Kantianism And Utilitarianism In Ethics

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Worms and Trojans One of the largest technological threats to computers and networks today are worms,
Trojans and viruses. As such, it is not uncommon for people to mistakenly refer to them as the same thing. While the words Trojan, worm and virus are often used interchangeably, they are in fact, quite different. Technically, all are malicious programs that can cause serious damage to your computer, network servers or network attached devices. There are, however, differences among the three, and knowing those differences can help you better protect yourself from their damaging effects.
A worm is similar to a virus by design and is considered by some to be a sub-class of a virus. Typically, worms spread from computer to computer, but unlike a virus, they have the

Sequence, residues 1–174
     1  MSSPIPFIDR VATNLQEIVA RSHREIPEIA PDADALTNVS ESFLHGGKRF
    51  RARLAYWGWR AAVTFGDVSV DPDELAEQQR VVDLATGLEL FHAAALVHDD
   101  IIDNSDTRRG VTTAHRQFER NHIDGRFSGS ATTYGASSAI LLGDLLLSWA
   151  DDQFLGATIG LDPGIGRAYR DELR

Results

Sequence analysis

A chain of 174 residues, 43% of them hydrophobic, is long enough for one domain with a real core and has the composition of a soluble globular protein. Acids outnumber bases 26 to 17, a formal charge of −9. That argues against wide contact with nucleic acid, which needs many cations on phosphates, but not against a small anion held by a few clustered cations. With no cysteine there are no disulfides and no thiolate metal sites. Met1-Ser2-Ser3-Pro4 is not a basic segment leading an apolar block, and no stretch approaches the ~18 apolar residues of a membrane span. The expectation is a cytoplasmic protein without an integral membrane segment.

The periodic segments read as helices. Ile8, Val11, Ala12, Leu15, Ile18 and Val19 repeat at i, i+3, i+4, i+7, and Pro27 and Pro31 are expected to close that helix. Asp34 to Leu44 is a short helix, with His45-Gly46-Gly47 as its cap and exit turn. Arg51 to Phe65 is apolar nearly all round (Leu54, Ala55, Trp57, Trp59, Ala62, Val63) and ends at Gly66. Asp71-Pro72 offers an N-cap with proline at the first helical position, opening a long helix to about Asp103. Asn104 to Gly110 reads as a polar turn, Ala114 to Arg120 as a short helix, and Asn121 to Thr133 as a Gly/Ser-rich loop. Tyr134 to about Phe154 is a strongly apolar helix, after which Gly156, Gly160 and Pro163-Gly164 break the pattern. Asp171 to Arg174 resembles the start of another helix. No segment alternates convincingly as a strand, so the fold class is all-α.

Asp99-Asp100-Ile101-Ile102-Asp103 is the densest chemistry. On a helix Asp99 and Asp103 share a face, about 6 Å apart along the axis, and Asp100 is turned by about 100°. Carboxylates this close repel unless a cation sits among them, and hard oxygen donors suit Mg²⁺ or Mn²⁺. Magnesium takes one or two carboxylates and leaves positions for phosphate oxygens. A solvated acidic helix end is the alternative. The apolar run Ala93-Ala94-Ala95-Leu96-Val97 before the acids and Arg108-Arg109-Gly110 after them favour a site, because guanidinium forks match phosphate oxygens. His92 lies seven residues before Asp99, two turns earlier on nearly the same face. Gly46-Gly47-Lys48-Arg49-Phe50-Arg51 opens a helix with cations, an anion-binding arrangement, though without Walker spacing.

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Unlike viruses and worms though, Trojans do not reproduce by infecting other files nor do they self-replicate.
Kantianism and Utilitarianism in Ethics Kantian ethics are based upon the teachings of philosopher Immanuel Kant. According to
Kant, motive is the most important thing to consider when determining if something is ethical.
As such, Kant believed that a moral action is performed out of a sense of duty, rather than feelings or pity. In other words, one’s actions are dictated by a sense of doing the right thing, versus doing something for the benefit of how others view you or because you feel pity for someone else. Kant often referred to his moral law is the categorical imperative, which acts on all people, regardless of their interests or desires. More specifically, he believed that others, when in a similar situation, would react the same way. To clarify, a person is bound by morality because they are commanded by it, and as such they can’t opt out or claim that it doesn’t apply to

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